CERNOBBIO, Italy (Reuters) - Italian business leaders called on the country’s new government on Friday to restore incentives for investment and to support economic growth, while keeping public finances in check.
The country’s economy flirted with recession under the previous ruling coalition, which collapsed last month after infighting and repeated confrontations with Brussels over increased budget spending.
Business leaders gathered on the shores of Lake Como for the annual Ambrosetti forum were cautiously hopeful that conditions could improve under the new coalition between the centre-left Democratic Party (PD) and anti-establishment 5-Star Movement.
“This government will definitely do more than the previous one, that’s not at all hard,” said Alberto Bombassei, chairman of brake maker Brembo, urging the executive to unblock public works.
Italy’s investment spending is equivalent to 2% of gross domestic product, a third less than at the start of the decade. Private investments are also below pre-crisis levels having shrunk by 30% between 2007 and 2013, according to the Bank of Italy.
Businesses said they hoped for a new version of an incentive scheme for investment and innovation introduced by the former centre-left government, which was phased out by the recently collapsed coalition in order to raise money to send people into early retirement and provide a basic income for the poor.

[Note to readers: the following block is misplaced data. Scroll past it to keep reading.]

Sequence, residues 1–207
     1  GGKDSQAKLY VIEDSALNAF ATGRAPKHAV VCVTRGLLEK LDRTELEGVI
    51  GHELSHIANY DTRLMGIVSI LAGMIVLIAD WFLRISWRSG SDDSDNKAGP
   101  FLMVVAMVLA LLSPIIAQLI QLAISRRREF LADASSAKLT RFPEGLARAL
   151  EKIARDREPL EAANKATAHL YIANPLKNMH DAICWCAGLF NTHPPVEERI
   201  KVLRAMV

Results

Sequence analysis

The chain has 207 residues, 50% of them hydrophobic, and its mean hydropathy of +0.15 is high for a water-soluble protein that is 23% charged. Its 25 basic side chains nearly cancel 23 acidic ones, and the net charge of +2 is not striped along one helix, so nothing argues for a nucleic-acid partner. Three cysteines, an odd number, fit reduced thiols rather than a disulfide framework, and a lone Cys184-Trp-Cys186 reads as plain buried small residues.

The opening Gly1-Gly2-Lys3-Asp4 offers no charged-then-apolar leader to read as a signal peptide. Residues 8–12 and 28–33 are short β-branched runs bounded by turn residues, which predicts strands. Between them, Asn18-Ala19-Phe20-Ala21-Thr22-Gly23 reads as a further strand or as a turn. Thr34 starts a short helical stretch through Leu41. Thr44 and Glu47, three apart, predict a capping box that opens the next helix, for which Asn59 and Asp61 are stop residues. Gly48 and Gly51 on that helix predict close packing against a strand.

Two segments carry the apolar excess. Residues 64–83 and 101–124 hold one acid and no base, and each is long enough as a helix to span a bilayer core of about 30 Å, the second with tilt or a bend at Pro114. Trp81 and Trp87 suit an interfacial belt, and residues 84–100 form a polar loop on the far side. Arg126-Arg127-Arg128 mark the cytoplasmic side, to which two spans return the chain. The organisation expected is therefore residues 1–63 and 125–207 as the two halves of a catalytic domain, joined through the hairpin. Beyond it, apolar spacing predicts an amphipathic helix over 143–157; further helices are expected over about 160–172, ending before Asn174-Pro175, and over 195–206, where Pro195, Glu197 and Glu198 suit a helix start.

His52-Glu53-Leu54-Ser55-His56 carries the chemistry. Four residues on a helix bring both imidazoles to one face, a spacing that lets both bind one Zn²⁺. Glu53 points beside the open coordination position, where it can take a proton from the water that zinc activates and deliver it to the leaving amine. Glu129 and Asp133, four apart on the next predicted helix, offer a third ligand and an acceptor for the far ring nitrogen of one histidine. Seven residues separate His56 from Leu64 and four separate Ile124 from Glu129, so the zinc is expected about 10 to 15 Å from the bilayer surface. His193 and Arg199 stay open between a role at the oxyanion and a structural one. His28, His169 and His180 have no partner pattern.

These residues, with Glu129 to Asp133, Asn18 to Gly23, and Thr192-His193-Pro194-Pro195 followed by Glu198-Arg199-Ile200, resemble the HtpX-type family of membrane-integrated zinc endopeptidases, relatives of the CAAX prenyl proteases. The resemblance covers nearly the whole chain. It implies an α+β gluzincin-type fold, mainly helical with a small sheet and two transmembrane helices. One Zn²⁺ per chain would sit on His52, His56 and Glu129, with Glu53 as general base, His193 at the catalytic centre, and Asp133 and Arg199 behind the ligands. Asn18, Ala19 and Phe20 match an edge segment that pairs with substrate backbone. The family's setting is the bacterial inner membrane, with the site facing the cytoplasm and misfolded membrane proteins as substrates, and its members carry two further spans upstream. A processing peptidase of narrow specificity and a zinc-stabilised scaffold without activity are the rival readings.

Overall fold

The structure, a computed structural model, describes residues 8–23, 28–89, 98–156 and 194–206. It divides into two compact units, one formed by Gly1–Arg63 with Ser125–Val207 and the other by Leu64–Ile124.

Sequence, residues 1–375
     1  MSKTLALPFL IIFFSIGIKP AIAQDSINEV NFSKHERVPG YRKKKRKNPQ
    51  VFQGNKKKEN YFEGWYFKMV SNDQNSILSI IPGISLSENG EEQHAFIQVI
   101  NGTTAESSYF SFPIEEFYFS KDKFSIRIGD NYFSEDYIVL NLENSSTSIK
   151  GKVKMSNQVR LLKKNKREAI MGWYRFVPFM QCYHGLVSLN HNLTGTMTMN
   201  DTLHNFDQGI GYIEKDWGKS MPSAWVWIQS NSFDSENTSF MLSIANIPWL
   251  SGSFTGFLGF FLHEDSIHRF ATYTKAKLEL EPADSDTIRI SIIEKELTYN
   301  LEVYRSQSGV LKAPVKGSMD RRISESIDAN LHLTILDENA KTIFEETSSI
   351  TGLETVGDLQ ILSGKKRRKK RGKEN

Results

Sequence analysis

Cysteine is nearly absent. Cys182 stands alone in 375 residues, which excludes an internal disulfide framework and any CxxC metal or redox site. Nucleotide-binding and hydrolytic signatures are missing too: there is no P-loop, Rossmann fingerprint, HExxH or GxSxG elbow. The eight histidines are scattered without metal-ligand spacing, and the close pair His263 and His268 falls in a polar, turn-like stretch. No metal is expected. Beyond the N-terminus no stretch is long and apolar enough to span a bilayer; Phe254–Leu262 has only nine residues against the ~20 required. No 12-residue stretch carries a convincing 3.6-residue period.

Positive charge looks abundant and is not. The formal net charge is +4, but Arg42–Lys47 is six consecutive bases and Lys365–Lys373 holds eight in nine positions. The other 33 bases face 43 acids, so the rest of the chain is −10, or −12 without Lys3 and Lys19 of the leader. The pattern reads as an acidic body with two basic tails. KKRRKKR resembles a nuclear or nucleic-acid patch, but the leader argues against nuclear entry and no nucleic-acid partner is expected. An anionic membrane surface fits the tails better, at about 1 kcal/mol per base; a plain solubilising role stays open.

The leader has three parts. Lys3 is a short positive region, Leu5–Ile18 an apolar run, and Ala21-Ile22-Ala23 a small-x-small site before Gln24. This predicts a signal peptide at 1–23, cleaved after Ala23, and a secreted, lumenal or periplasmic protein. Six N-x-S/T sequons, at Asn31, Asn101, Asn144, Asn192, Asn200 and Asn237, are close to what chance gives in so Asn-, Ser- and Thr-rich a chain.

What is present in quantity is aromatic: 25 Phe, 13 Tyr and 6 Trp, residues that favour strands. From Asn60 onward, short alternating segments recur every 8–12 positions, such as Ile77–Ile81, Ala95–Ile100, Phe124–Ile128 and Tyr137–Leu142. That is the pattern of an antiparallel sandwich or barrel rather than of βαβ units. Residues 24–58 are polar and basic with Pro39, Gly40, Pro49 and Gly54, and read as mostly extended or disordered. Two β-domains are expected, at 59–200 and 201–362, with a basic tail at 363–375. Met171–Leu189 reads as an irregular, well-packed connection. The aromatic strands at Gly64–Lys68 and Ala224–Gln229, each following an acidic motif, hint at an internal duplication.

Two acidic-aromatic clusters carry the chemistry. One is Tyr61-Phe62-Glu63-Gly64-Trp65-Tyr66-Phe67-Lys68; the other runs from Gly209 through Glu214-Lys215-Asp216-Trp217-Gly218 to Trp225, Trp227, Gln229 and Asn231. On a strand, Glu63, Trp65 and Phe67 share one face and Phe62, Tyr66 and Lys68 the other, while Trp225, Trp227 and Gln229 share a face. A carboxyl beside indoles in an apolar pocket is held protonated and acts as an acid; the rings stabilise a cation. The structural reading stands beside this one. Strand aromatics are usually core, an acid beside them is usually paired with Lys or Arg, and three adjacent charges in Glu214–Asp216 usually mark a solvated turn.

“The government needs to pay closer attention to both foreign and domestic investments in the country,” said Claudio Brandolino, chief financial officer at the Italian arm of French IT services firm Atos.
“The Industry 4.0 package was a good starting point,” he said in reference to the centre-left’s incentive scheme.
The PD-5 Star coalition, however, has little room for manoeuvre. It must cut spending or find alternative revenues for 23 billion euros (20.6 billion pounds) to defray a scheduled sales tax increase next year, which businessmen in Cernobbio said had to be avoided at all costs.
It has promised the 2020 budget, a draft of which must be presented to Brussels by mid-October, will be expansionary without jeopardising public finances.
Fiscal discipline is necessary to keep the cost of refinancing Italy’s 2.3 trillion euro public debt near the record lows it hit this week when markets welcomed the new pro-European government.
“The fall in (bond yield) spreads is a positive sign, but public debt must be reined in,” said Andrea Costantini, vice president of Agrati Group, a family-owned maker of fastening systems for the automotive sector based north of Milan.
With a question mark hanging over how workable a coalition comprising two former bitter enemies will turn out to be, the desire for political stability topped some people’s wish list.
“Political stability is the key element for foreign investments, even more than incentives which you could not otherwise be sure are there to stay,” Pfizer Italia CEO Massimo Visentin said.
Additional reporting by Elvira Pollina, Gianluca Semeraro and Giselda Vagnoni; editing by John Stonestreet